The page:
The crucial point about the search for a diplomatic settlement is that it has been in pursuit of two goals: first, a G8 plan backed by Russia and the West that will form the basis of a United Nations resolution setting out the essential framework of a Kosovo settlement - and acceptance of that plan by Mr Milosevic.
Yesterday's "agreement" was as good as it is going to get on the first point. But if no deal can be reached with Mr Milosevic, the one with the Russians could unravel as well.
If there are doubts about what has been agreed with the Russians, there are none about where disagreement lies between Mr Milosevic and the West. Beyond the matter of a halt in the bombing, which would become moot if Mr Milosevic signs up to the peace plan, two key issues remain unresolved: the make-up of the peace-keeping force in Kosovo and the size of the contingent Serbia could maintain there.
A chasm divides the sides. Nato appears unshakeable on its demands that at best a few hundred Serb troops could be allowed, and then only after a full withdrawal; and that the allies provide the core of a peace force. Belgrade wants the full 16,000 Serb force provided for by the abortive ceasefire deal of October, and will at best countenance only Nato forces from countries which have not taken part in the bombing.
So where do the Russians stand? Nato has insisted it will not abandon its "five principles" to strike a bargain with Russia. "Of course we want to bring the Russians into this - but on our terms," a US official said. If so, the real question is, therefore, to what extent has Moscow embraced the West's terms?
On the record, alliance diplomats say it has been edging closer to Nato's position. But the absence from the final press conference in Bonn of Strobe Talbott, US deputy secretary of state and the third participant in the talks, suggests latent areas of dispute which a little scratching could easily expose. And in this field there are few more skilled practitioners than Mr Milosevic.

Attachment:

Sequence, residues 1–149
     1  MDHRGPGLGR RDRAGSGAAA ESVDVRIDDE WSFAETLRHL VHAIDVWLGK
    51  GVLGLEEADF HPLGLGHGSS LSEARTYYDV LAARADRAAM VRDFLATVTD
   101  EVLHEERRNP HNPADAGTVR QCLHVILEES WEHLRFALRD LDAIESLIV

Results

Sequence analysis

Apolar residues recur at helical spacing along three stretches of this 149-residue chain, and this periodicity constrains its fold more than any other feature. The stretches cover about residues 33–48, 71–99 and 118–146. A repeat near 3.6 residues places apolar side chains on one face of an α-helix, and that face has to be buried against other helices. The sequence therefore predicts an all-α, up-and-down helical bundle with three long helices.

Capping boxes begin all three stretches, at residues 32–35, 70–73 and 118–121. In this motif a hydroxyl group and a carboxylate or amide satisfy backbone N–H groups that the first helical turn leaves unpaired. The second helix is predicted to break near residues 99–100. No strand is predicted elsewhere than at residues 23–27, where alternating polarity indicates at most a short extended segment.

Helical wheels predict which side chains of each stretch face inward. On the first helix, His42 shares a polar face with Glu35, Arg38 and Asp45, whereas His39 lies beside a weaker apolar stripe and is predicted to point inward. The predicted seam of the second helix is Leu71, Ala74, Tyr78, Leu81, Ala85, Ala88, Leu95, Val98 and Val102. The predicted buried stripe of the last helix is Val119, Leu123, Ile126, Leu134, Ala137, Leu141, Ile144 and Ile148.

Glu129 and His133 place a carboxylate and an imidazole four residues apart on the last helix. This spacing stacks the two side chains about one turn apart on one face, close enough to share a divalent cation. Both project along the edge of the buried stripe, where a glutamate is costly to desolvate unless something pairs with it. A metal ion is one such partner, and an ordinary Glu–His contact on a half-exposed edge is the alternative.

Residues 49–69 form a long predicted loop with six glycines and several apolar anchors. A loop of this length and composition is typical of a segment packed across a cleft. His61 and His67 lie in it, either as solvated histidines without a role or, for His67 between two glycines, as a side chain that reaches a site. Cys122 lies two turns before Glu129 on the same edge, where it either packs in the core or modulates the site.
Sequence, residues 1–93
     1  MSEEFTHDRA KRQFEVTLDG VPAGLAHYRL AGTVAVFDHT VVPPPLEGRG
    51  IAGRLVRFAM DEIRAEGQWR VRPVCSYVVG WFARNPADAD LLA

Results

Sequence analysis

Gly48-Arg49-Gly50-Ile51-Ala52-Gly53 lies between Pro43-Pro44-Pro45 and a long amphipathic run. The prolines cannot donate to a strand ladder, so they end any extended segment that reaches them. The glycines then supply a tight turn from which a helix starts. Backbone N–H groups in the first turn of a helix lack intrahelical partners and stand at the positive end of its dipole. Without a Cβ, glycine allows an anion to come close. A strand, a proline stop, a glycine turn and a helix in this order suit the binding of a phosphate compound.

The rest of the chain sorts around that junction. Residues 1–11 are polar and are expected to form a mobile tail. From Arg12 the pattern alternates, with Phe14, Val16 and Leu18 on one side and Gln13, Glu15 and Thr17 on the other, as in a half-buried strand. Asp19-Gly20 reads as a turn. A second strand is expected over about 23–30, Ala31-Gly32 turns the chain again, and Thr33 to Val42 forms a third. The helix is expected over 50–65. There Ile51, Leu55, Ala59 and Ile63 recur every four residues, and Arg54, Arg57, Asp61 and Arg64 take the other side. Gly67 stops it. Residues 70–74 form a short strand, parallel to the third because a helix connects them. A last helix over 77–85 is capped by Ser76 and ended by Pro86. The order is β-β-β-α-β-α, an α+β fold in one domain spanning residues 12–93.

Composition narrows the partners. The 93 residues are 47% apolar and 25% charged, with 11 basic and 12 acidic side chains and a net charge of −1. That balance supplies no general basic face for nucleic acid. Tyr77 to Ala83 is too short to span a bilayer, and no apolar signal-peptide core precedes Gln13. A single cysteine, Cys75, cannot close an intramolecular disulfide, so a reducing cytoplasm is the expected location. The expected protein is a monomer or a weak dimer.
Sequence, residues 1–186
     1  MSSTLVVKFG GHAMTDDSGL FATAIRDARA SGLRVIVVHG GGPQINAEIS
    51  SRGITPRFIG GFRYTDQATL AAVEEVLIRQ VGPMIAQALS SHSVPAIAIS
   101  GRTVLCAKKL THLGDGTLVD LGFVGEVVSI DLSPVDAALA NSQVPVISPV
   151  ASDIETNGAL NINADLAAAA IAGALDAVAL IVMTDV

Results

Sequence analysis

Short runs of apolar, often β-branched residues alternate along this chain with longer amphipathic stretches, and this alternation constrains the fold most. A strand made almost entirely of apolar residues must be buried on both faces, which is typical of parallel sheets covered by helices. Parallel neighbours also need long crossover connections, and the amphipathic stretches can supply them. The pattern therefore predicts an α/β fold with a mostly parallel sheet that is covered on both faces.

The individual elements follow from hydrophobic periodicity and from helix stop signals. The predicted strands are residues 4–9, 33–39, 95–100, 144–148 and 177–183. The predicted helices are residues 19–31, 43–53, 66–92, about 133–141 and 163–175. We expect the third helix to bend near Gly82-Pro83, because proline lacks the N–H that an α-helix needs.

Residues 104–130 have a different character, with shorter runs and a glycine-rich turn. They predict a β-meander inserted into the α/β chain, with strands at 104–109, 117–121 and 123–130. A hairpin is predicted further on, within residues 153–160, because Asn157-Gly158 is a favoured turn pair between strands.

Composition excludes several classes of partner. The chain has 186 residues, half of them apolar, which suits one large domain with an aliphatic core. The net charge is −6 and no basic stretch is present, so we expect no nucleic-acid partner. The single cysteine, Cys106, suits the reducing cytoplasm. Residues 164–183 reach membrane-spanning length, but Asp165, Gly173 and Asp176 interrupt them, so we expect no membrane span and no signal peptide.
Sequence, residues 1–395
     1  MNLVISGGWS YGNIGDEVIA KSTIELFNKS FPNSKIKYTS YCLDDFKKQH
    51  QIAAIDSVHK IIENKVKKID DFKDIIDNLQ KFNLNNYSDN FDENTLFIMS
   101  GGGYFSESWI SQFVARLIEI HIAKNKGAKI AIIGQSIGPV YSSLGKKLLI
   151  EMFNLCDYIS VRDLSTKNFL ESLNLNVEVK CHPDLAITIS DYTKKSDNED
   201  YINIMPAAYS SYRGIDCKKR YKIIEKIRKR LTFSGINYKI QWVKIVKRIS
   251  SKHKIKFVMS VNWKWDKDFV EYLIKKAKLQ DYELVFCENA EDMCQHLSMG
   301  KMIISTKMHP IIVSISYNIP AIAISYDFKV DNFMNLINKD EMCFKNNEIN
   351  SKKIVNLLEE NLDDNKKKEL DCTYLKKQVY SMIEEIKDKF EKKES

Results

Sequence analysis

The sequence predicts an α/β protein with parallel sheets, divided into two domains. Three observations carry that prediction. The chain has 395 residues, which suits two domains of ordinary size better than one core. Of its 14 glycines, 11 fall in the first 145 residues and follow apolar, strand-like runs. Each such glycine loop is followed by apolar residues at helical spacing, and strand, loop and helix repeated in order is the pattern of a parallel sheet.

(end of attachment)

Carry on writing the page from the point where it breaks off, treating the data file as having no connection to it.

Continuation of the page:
Officially too, Nato insists the meeting in Belgrade will not be a negotiating session; the Russian envoy, Viktor Chernomyrdin, and the West's representative, Martti Ahtisaari, will explain the offer. The rest, says the alliance, is up to Mr Milosevic. Would it were so simple. For what if he responds with a counter-offer, acceptable to the Russians but not to Mr Ahtisaari? What price then the G8 holding together?
Ah yes, say the allies, but the air campaign has wreaked so much damage that even his generals are urging Mr Milosevic to accept the package. But is this not the same alliance which, two months ago, was saying a few days' bombing would make Mr Milosevic see reason? For all the pressure on him, he may yet reckon Nato's talk of a ground war is bluff - and that well before Yugoslavia's back is broken Western public opinion will have turned against the air war.
Last night the potential stumbling-blocks were obvious, none more so than Kosovo's partition. Nato insists it is out of the question, as it would reward "ethnic cleansing". Mr Chernomyrdin's talk of separate groups of Russian and Nato soldiers under separate commands may be a sop to the nationalist lobby back home.
But it could equally easily be interpreted as a first step towards "sectorisation" along the lines of post-war Germany. That is just one Russian-Nato fault- line for Mr Milosevic to scratch on.
1. The immediate and verifiable end to Serbian repression in Kosovo
2. Withdrawal from Kosovo of all Serbian police and military forces
3. Deployment in Kosovo of an effective international security presence endorsed by the UN
4. Establishment of an interim government in Kosovo, to be decided by the Security Council
5.The safe return of all refugees and access for aid agenciesReuse content